With the new leader set to be sworn in next month, William Kim told Newsweek that “only time will tell whether President-elect Yoon Suk-yeol’s comments in favor of nuclear armament of South Korea were an idea with real policy intent or just lip service to secure conservative voters in favor of nuclear options.”
“However,” he added, “it is more likely than not that the current security context of the world will reinforce his belief in strengthening the ROK’s defense capabilities, either through conventional or nuclear means.”
Should Seoul choose to do so, though, he said he was confident that it would not risk triggering the international isolation that has befallen Pyongyang.
“South Korea is too intertwined and embedded into the global economy — as a leader in critical industries like semiconductors and EV [electric vehicle] batteries — that even if it does pursue nuclear armament of any kind,” William Kim argued, “it will try to do so within acceptable boundaries that do not invite sanctions or other aggressive responses from the rest of the world.”
Jeong-Ho Roh, director of Columbia University’s Center for Korean Studies, agreed with that assessment.
“One of the most important things we have to understand is nuclear weapons or nuclear programs, it’s a legal issue, it’s a matter of law,” he said. “It’s not a question of politics or others.”
Three decades ago, the two Koreas agreed on the denuclearization of their shared peninsula in a joint declaration as the U.S. withdrew the nuclear weapons it had deployed on its ally’s territory since the late 1950s. At that time, Pyongyang and Seoul were both parties to the Non-Proliferation Treaty (NPT), a 1968 agreement that sought to prevent the spread of nuclear weapons, but the DPRK withdrew from the treaty in 2003, three years before it conducted its first nuclear test.
Roh argued that North Korea’s decision to pursue nuclear weapons has made their 1992 joint declaration “no longer valid legally.” And even with the NPT in place, the International Court of Justice’s advisory opinion on nuclear weapons published in 1996 ruled that there is no source of law, customary or treaty, that explicitly prohibits the possession or even use of nuclear weapons.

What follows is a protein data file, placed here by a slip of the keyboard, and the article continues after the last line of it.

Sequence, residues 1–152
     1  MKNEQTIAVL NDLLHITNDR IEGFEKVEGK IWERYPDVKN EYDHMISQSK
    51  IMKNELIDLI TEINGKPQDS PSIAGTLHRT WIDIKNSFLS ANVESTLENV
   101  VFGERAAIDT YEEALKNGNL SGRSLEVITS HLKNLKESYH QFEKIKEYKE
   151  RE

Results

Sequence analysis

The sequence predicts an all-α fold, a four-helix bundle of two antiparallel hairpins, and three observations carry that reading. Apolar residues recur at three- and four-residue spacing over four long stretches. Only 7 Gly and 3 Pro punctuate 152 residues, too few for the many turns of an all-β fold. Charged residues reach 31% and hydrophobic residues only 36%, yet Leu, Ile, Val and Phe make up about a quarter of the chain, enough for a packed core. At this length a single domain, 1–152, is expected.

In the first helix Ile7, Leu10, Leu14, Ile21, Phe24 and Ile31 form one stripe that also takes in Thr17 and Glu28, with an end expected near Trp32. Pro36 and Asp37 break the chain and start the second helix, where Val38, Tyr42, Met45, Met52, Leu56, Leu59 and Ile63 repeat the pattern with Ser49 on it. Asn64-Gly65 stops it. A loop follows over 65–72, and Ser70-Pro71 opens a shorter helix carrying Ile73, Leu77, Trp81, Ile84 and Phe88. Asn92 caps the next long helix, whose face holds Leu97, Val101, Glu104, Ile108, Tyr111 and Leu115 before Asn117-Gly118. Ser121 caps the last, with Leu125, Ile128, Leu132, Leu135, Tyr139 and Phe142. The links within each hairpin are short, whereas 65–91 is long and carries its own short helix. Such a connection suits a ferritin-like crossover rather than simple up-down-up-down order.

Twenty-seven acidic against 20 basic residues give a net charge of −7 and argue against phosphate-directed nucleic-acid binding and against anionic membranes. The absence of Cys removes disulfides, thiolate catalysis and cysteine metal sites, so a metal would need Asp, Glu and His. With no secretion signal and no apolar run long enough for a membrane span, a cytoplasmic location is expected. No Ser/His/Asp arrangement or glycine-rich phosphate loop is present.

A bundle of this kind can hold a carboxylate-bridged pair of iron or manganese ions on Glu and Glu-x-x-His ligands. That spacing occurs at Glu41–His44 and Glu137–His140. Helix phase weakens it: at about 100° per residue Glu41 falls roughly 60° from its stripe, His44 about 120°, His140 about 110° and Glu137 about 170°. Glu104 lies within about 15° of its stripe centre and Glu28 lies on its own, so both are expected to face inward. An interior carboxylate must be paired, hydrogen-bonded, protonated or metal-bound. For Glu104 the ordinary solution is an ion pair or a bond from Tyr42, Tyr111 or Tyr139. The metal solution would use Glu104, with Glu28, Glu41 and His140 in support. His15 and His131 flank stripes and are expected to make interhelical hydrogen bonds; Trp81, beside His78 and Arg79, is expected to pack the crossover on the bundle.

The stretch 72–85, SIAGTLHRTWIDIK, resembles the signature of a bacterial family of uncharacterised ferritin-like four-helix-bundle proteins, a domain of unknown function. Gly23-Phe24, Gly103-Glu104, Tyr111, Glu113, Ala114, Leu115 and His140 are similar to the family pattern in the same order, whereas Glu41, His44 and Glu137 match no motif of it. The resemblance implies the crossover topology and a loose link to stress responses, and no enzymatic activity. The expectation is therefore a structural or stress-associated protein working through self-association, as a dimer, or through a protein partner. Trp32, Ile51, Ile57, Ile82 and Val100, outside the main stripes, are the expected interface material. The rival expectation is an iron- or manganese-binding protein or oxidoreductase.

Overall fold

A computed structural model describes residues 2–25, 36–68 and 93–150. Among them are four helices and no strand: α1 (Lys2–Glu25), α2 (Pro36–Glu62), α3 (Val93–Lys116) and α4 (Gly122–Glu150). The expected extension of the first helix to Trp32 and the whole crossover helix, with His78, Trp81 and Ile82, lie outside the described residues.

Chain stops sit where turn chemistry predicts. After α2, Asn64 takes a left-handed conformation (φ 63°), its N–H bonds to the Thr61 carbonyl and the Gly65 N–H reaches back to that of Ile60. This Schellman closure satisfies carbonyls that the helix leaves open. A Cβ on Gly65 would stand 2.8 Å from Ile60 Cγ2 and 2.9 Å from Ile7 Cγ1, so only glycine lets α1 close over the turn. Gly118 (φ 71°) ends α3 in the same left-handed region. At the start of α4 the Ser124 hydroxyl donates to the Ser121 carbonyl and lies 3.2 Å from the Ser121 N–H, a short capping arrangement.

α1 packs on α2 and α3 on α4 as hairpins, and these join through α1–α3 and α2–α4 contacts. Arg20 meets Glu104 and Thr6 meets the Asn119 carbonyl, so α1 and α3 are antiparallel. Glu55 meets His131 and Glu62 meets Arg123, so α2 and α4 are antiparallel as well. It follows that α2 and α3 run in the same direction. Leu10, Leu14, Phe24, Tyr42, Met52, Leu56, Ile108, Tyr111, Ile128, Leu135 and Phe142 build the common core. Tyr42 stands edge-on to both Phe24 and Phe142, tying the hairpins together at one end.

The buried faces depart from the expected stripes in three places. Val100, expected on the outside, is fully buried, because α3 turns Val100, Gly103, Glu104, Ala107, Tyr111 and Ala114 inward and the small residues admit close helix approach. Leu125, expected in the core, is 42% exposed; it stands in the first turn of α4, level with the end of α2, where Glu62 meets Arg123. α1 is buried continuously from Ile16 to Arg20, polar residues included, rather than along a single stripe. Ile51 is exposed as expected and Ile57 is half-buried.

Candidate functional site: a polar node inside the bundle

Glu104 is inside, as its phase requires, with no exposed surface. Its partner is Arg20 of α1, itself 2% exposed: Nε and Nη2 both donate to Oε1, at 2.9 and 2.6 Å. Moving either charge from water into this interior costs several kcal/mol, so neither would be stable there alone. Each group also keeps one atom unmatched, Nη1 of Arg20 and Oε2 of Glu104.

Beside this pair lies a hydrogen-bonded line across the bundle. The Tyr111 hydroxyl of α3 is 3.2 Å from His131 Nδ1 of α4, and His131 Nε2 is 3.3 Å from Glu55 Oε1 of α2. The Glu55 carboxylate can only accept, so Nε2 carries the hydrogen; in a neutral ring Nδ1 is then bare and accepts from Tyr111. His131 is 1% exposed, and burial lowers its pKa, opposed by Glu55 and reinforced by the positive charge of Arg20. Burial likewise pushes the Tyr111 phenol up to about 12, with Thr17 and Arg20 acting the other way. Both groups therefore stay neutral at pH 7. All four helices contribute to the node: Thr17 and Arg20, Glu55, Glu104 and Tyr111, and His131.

While the status quo has prevailed for some time given U.S. security commitments, a solidifying Chinese and Russian acceptance of North Korea’s nuclear-capable moves, indicated by their lack of condemnation of the recent ICBM test, as well as growing uncertainties regarding the U.S. commitment to taking on nuclear powers directly, as evidenced by the war in Ukraine, has fostered what Roh identified as “the necessity for [South] Korea to be more self-sufficient.”
“What happened this year is a direct reflection of this polarizing world,” Roh said. “The legal institutions that were formed post-1945 and the U.N. that created our legal order has essentially been weakened.”
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Still, Roh felt that South Korea pursuing its own nuclear option was far less likely than reintroducing U.S. nuclear weapons to the country as part of a sharing agreement. The U.S. has similar agreements with non-nuclear NATO allies such as Belgium, Italy, Germany, the Netherlands and Turkey — yet another legal nuclear gray zone.
Such a move, he argued, would also be more tolerable or even beneficial to Japan, which would otherwise find a “nuclear South Korea” to be “not acceptable,” even if Seoul took the semi-internationally endorsed “responsible” route like India as opposed to North Korea’s “rogue” path.
Though both U.S. allies, Japan and South Korea have a difficult history with deep-seated conflicting narratives rooted in the former’s occupation of the Korean Peninsula in the first half of the 20th century. Their inability to reconcile this past has led to high-profile diplomatic and political disputes, some ongoing to this day.
As such, Roh notes that “one of the other problems, of course, is: can Korea and Japan really cooperate with each other based on our unfortunate history?”